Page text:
Today, every organization is generating and storing billions of rows of data regularly. Considering the massive volumes of data, producing relevant and actionable insights poses a challenge. This data needs to be collected from different sources and given a proper form and structure before it can be processed. It is then organized and stored in a unified place. ETL is a way of integrating data and plays a crucial role in helping organizations to manage their data efficiently.
ETL stands for Extract, Transform and Load and follows the same order to integrate data from multiple stores into a single warehouse. This has become an important step for most organizations wanting to cleanse and store their data and streamline workflows. Analysis on large amounts of data that has not been integrated can be difficult and time consuming.
What is ETL?
ETL is the process of Extracting, Transforming and Loading data into a unified data storage. Data is first extracted from various data stores that an organization maintains, then transformed into a format suitable for reporting and analysis and is finally loaded into a singular warehouse. These three stages are repeated every time new data is added to the warehouse. These processes essentially make sure that the data is finally stored in a central data warehouse, which is devoid of faults and is up to date.
- Extract: Collecting Data from Diverse Sources
Firstly, the data is ‘extracted’ from the many data sources and warehouses and copied or exported to a staging area, which is an intermediate destination. The data could be in various formats like SQL or No SQL, XML, or flat files; therefore, it cannot be stored directly in the data warehouse. The staging area is necessary to allow room for the data to be pulled at different intervals of time to allow the data sources to function without overwhelming them.
- Transform: Changing data for Insights
Data transformation is the second step in the ETL process. When transforming the data, cleansing and validation of the data, as well as some other aggregations are applied and thus, it is converted into a single standard format. This process ensures that the data is consistent, reliable and standardized for the entire organization.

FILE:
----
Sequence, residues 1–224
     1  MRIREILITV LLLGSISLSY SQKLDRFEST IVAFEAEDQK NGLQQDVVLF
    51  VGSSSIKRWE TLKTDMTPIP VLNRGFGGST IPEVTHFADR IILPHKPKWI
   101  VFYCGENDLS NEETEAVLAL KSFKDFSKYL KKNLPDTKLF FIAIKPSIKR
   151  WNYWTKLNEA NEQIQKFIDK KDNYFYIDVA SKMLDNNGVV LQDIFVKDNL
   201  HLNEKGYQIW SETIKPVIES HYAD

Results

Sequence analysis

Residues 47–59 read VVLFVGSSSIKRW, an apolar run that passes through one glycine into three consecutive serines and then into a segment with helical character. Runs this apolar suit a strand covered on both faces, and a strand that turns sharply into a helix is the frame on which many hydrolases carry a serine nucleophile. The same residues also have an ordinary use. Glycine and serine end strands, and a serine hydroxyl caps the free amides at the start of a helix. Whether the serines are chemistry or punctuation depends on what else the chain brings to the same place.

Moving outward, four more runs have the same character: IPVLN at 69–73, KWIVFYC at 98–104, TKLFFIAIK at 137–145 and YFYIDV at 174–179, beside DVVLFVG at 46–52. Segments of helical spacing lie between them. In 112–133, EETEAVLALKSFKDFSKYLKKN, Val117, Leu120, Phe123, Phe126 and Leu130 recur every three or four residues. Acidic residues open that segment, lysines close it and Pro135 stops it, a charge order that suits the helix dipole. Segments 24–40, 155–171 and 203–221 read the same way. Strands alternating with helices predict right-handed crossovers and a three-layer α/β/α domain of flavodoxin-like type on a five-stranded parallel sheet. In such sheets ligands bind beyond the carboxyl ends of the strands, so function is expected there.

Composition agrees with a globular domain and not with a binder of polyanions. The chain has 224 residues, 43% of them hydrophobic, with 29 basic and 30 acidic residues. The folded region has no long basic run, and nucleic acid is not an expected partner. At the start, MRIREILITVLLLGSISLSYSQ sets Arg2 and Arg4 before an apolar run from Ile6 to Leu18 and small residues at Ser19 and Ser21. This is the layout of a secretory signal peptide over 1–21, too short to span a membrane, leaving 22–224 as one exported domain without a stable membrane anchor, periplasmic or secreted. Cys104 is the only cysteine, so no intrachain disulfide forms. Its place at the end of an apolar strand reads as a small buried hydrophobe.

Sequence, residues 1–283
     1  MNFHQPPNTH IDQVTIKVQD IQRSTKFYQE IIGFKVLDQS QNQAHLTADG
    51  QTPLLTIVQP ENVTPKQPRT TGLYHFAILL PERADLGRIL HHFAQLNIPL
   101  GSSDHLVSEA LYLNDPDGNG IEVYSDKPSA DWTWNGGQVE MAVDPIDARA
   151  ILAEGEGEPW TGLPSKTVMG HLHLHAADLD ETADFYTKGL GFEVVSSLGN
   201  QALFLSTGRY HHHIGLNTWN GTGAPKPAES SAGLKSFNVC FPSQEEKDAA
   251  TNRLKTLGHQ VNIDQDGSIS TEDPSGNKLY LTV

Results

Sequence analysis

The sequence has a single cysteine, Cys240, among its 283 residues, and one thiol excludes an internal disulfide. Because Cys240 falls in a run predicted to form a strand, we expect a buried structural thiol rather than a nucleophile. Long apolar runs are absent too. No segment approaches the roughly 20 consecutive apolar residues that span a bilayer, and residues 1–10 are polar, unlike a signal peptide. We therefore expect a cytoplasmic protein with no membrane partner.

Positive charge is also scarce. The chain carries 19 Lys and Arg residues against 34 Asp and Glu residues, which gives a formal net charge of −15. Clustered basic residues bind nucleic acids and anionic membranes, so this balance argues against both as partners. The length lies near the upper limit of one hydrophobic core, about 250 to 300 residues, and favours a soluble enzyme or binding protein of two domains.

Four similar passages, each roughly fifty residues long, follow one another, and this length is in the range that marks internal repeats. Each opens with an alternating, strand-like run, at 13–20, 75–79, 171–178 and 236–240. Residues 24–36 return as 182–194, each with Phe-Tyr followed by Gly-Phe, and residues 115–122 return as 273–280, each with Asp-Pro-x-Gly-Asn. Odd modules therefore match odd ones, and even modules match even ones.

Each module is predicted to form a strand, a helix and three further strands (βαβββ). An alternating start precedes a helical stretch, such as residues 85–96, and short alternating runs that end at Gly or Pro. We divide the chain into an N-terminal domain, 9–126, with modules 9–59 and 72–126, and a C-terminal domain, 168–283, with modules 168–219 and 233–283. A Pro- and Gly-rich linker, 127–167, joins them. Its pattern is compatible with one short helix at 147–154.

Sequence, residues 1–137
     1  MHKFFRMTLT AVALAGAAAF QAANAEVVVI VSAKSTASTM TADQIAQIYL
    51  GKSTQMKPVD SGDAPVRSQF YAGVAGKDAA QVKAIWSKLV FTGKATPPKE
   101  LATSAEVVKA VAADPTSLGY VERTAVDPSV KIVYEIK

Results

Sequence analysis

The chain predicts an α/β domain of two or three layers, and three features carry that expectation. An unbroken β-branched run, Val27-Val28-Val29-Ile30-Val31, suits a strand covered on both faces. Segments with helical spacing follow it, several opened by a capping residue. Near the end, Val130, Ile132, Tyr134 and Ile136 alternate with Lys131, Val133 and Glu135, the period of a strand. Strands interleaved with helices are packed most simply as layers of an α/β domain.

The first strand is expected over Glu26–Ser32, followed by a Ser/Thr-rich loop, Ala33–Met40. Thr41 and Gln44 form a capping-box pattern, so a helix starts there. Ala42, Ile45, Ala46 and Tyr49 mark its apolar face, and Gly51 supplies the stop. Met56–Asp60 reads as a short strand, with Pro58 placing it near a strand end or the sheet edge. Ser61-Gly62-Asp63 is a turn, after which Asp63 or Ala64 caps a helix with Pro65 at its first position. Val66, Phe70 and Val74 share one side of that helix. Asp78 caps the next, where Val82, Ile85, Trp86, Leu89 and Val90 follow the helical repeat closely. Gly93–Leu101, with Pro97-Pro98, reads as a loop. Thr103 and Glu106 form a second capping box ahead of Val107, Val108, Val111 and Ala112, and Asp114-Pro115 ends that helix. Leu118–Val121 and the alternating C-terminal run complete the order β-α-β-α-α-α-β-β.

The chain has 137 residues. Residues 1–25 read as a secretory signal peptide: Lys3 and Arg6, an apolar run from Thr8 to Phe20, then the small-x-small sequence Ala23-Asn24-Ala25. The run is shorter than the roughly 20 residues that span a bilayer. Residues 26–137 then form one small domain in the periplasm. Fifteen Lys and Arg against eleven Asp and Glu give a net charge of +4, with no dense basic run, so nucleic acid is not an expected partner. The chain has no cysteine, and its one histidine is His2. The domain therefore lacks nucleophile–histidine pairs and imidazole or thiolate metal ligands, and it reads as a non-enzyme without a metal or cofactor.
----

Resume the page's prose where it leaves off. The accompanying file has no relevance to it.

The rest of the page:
- Load: Dispatching Data to the Target
The final step in ETL is loading, where the data is delivered to the data warehouse. After the extraction and transformation processes are completed, the data taken from the staging area is loaded onto the target destination for storage or analytical uses. At the onset, all the data is loaded into the data warehouse in one go. Given that the entire process is automated into a pipeline, as new data is updated, it is incrementally added.
Benefits of ETL
With the increasing complexity and volume of data, the importance of ETL is gaining recognition. Here are some key benefits of the use of ETL,
- Improved Data Integration – ETL tools allow its users to collect and sort through all their data from varied sources like data warehouses, cloud platforms and other sources to bring it together into a consolidated view. This helps organizations manage and analyze their data more easily and leads to better-informed decision-making.
- Improved Data Quality – Companies are aware of the dangers of raw and unstructured data to the results of the application of analytics. The insights would be ambiguous and misleading and ETL can assist in rectifying this situation. The data is cleansed, standardized and validated to enhance the overall quality of the data, which makes the business insights gained more accurate and reliable.
- Automation – Through ETL tools, processes that are repetitive can be automated in turn increasing operational efficiency. Companies can now focus on the more important tasks and save valuable time.
- Enhanced Data Management – ETL offers a better management method for companies struggling with vast amounts of data. Companies can easily process large volumes of data and transform it into a standard format and as it is loaded into a singular repository, it can be quickly accessed.
Challenges of ETL
Since the 1970s, ETL has been in use and has transformed the way data is handled by enterprises. However, in a progressively cloud-based business environment, the magnitude, diversity and velocity of data are ever-increasing. This has made ETL increasingly unscalable in several ways.
In the modern business environment, ETL tools play a significant role in integrating scattered data. Management of data becomes easier with the use of the ETL process as the data is now validated, presented in a unified view and provides higher processing speed. ETL automates the process and makes it usable for further analytics. Even so, ETL comes with its own sets of challenges and limitations and enterprises must take into account the costs and benefits before its implementation.